Xtabentum: A Novel of Yucatan begins in 1906, in those tense years just preceding the Mexican Revolution. A woman in Merida is giving birth to a baby girl, who will be named Amanda Diaz, and who will be one of the principal characters in Xtabentum.
The young Amanda, with the help of her thoughtful father, begins to understand la Casta Divina, the Divine Class, and how most members of this class "considered themselves superior by birth and the lighter color of their skin."
John Scherber's thoughtful and satisfying book, San Miguel de Allende: A Place in the Heart (2010), is a collection of stories about North Americans "who live here full time, as I do." San Miguel de Allende is their home.
The idea of the book originated when Scherber, after living in San Miguel for only eight months, began asking himself questions like: "What had I given up to come here, and what had I gained? What was my new role in the community? Was I an exile? An expatriate? Would I ever live in the States again? How did I react to Americans I saw here visiting? What had I done?"
All of his life, Bayley had listened to the stories told to him by his beloved grandmother, stories that usually were about her father, Bayley's great-grandfather Arturo (Arthur Greenhalgh, born 1874 in Tottington, England) who managed a cotton mill in western Mexico in those challenging years immediately preceding the Mexican Revolution.
Worried about life passing him by, in 1898 Arturo "kissed his sweetheart Mariah goodbye and set off on his Mexican adventures."
Bayley, over one-hundred years later, "was plagued by the same fear about life passing me by."
Taking a look at the past year's Mexican cookbook offerings, it seems that 2012 produced more specialized books than ever before. These are not your essential Mexican cookbooks (for that, go to Diana Kennedy's The Essential Cuisines of Mexico or Adela Fernandez' La Traditional Cocina Mexicana), but they will add new dimensions to a basic Mexican culinary library.
I like the Moon Handbooks and I own several of them — well used, I might add. They are sturdy, easy to read, compact and therefore easily packable whether in luggage or purse or large pocket. This latest, a first edition, San Miguel de Allende, Guanajuato & The Bajío, covers one of Mexico's most popular tourist destinations.
A resident of San Miguel de Allende for several years, the author, Julie Doherty, writes both with affection and enthusiasm about the Bajío — a vast central plain that includes the states of Guanajuato and Querétaro.
She concentrates on two lovely towns, San Miguel de Allende and Guanajuato, but she also offers us a glimpse of Querétaro City, Tequisquiapan, San Sebastian Bernal, Dolores Hildalgo, Mineral de Pozos, and the large manufacturing city of León.
This book really does tell you about everything you need to know if you are planning to move to Lake Chapala, one of the most popular retirement sites in the world for North Americans.
Alejandro Grattan-Dominguez, Editor-in-Chief of El Ojo del Lago, has this to say: "I found it highly readable, most comprehensive, and flawlessly organized. I think it's the best book of its kind that I have read, and I have been down here for 25 years."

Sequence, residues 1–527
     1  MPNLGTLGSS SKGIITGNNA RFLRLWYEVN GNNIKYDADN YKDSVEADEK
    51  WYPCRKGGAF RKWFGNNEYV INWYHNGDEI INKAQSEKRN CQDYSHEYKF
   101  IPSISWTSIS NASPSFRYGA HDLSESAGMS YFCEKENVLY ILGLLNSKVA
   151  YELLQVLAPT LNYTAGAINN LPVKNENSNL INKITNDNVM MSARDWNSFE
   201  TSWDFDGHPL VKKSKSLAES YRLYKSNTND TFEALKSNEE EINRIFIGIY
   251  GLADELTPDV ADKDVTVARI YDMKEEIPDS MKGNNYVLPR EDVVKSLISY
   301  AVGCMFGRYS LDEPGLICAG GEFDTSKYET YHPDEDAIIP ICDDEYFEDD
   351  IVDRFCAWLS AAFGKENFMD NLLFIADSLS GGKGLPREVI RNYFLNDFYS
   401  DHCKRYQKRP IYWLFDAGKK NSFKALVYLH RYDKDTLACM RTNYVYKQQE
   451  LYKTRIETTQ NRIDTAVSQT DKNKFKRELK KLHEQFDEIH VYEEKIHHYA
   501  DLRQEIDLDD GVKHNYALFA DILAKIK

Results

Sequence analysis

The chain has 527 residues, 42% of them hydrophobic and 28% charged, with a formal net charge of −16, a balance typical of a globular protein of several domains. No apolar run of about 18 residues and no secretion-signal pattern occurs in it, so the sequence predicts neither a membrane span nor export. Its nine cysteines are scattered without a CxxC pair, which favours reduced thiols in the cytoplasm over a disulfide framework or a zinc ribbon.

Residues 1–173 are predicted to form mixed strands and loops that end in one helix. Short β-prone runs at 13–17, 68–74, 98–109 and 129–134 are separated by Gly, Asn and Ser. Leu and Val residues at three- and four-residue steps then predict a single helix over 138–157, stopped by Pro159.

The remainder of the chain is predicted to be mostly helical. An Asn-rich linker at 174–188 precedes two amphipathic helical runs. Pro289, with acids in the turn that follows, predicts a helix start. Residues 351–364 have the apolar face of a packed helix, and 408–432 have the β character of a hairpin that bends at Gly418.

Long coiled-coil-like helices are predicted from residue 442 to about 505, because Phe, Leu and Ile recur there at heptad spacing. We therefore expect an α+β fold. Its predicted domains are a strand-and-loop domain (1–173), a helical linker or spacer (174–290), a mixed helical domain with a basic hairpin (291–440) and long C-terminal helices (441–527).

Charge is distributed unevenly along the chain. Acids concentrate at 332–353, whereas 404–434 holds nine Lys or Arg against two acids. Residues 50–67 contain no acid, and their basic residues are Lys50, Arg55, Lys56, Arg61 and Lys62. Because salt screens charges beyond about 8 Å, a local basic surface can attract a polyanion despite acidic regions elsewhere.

Is the information current? You bet! Why? Because Lisa Jorgensen only moved here this past spring.
Bill Frayer just can't stop cranking out poems based on his two favorite themes: his new life in Mexico and his old life — particularly family memories — in the States.
Migration is his third book in a little over three years. Now collecting belongings has been replaced by collecting experiences, and collecting memories of past experiences.
I am reminded a bit of one of my dad's favorite tee-shirts, which reads: "The less you own, the more you have."
The title announces that it is a history of "Ajijic: 500 Years of Adventures," but in fact, most of the book is a pleasant and satisfying collection of various articles, memoirs, interviews, about fairly recent life in Ajijic including Jocotepec and Chapala. This charming little book, put together by the Thomas Paine Chapter of the Daughters of the American Revolution, was compiled by long-term Ajijic residents Alexandra Bateman and Nancy Bollenbach.
For decades now, the Pints — who live in Zapopan, Jalisco — have wandered off-the-beaten paths in search of the beautiful and the mysterious and the interesting.
And in this book they have gathered articles they have written about rivers and canyons, caves, volcanoes (both active and inactive), hot (and cold) springs, waterfalls, petroglyphs, pre-Columbian tombs, circular pyramids, boiling mud pots, even poltergeists, and exotic flora and fauna… all within a few hours of Guadalajara.
Mexican-American author Daniel Hernandez has hit a fresh nail on an old head by exploring different youth cultures in Mexico City. Youth is a favored subject for a modern mass media obsessed with this ...
Flirting in Spanish is not a "how-to-do-it" book. It is the true story of Susan McKinney, the 33-year-old daughter of former NBA coach Jack McKinney, who moved to Mexico to write, but soon met and "fell hopelessly and utterly in love" with Carlos, a poor Mexican teenager.
The story began in 1992 in San Miguel de Allende. Susan, in Mexico less than three months and having "decimated whatever savings I once had," supplemented her meagre but easy-earned modeling income by teaching English.
Carlos, the poor Mexican teenager, was indeed wise for his years; after her first class was over, he alone "remained, still seated at the second desk in the middle row, watching me."